IT leaders from three largest states advise vendors on realities, opportunities.
Photo: Dr. Melodie Mayberry-Stewart, CIO of New York State
The numbers are sobering: a projected $4.6 billion budget deficit in New York; a massive $16 billion shortfall in California. Not the sort of news IT vendors were hoping to hear when they gathered in Tysons Corner, Va., yesterday for the annual Beyond the Beltway market briefing on state and local government IT. Meanwhile, the Washington Post reported on the same day that at least half the states were reporting budget shortfalls, some quite severe, as the nation's economy continues to sputter.
But the bad budget news overall didn't necessarily translate into lost IT opportunities. Teri Takai, who has been California's CIO for barely 75 days, pointed out that the state's IT spend continues to increase and that several large projects are under way. "Right now, it's unclear what will be the impact [of the budget deficit] on IT," she said. "It may hit a few select areas."
Takai was joined by New York CIO Dr. Melodie Mayberry-Stewart and Texas CTO Brian Rawson. The three IT executives discussed the current state of IT in their jurisdictions and doled out advice to several hundred IT vendors who attended the one-day event.
Takai explained to the audience that in her new position as a cabinet-level CIO, she has more control over IT project approval than her predecessors, but pointed out that the state's highly decentralized structure meant that each agency has its own IT budget controlled by program area.
She also highlighted major IT efforts under way in Calif., including several significant ERP projects, a pending network infrastructure upgrade, and announced she was taking a hard look at data center consolidation. "Right now, the data centers are spread all over," she remarked.
Texas CTO Brian Rawson
Rawson, who did not mention any budget deficit problems, pointed out that Texas spent $1.4 billion on IT in FY 2008. He discussed the "tough and difficult effort" to consolidate the state's 32 data centers down to 2 and how it has reaped benefits in the form of cost savings, commercial grade processing power and enhanced security. Another transformation involves the state's telecom network.
"We're transitioning from being a provider of data and voice circuits to a customer advocate for the state's agencies," explained Rawson. Texas Online, the state's self-funded, public-private portal, was another example cited by Rawson of the state's investment in technology. With nearly 800 online services, Texas Online has processed nearly $5 billion in transactions via the Web and is expected to generate $46 million in transaction fees for the state in FY 2009.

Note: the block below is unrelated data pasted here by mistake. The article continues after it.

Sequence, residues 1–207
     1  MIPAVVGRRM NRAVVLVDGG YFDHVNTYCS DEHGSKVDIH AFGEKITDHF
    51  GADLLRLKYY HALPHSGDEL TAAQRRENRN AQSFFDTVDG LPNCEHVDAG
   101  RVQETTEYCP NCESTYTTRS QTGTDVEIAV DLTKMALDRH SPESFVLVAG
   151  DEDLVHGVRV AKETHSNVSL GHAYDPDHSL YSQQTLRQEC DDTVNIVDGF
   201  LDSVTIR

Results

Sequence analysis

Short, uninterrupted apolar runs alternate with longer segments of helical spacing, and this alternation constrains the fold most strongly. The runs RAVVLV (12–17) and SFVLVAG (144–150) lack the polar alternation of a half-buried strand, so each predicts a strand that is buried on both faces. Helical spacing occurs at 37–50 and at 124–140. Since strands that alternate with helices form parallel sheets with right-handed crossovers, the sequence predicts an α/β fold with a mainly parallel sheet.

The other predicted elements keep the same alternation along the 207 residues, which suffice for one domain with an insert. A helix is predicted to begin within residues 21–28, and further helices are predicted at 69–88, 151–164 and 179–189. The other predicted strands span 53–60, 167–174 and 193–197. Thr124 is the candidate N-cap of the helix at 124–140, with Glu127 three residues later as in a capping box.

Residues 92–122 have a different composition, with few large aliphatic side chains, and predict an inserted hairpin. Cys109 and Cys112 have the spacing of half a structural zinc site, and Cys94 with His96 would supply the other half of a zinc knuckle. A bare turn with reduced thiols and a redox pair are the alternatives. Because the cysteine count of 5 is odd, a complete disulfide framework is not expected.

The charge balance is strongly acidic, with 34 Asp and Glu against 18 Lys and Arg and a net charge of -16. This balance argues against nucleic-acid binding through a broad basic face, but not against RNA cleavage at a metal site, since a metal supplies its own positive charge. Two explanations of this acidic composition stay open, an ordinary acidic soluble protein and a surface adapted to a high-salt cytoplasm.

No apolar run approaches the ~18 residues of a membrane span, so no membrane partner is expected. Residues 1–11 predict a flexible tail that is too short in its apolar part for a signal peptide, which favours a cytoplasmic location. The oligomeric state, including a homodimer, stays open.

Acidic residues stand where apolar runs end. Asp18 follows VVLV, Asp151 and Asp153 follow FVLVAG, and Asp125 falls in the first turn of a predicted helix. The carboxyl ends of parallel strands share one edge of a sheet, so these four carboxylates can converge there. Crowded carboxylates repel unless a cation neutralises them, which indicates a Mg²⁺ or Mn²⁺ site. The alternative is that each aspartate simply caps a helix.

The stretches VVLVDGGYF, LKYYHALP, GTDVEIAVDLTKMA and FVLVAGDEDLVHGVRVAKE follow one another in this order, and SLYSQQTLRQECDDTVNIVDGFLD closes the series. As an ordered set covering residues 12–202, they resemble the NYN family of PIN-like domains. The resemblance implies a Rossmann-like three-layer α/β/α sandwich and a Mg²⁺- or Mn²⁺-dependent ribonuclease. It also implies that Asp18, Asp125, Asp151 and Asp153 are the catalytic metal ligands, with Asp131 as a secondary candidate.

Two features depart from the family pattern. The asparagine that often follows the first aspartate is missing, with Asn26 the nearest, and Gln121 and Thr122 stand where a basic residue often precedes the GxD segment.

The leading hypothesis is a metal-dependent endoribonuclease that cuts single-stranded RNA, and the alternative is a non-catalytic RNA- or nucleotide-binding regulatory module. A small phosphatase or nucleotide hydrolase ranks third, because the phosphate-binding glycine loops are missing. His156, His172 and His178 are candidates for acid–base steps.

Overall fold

Mayberry-Stewart has been New York's CIO for 10 months and has focused on consolidating her policy-advisor role with that of operational director of the Office For Technology. The result: a better handle on how the state spends nearly $2 billion annually on IT. Mayberry-Stewart faces a number of challenges, including an ongoing consolidation of data centers and a state government that runs 97 percent of its mission-critical applications on aging mainframe computers.
On the plus side, New York is embarking on several major IT initiatives that will cost nearly $3 billion. They include a statewide wireless public safety network, a massive ERP project that will consolidate 200 different financial systems and modernization of the state's human services programs. Mayberry-Stewart also announced that the state plans to increase the amount of IT funds that flow to women- and minority-owned businesses.
All three big state CIOs touched on procurement issues. Takai said that a perception of IT project failure had led the state's Legislature to pile on too much oversight, resulting in too much bureaucracy and micromanagement. She added that the state's procurement system had to change the terms and
conditions of its contracts and make them less onerous for the vendors. She added that on the subject of outsourcing, California law prohibits any outsourcing of work that state employees can do.
Procurement reform is a big issue in New York, according to Mayberry-Stewart. "We are modernizing our practices," she said. "Our goal is to speed up the [procurement] process without cutting oversight." The state is also focusing on more centralized contracting and enterprise agreements.
Rawson outlined the cooperative contract program in Texas that allows 4,500 customers -- cities, counties, school districts -- to procure IT products and services through the state. He closed with some advice for the vendors who want to do business with the state of Texas: "Align your vendor strategies with those of our government; bring me solutions, not products; bring your A team; be on time and on budget; and serve with integrity."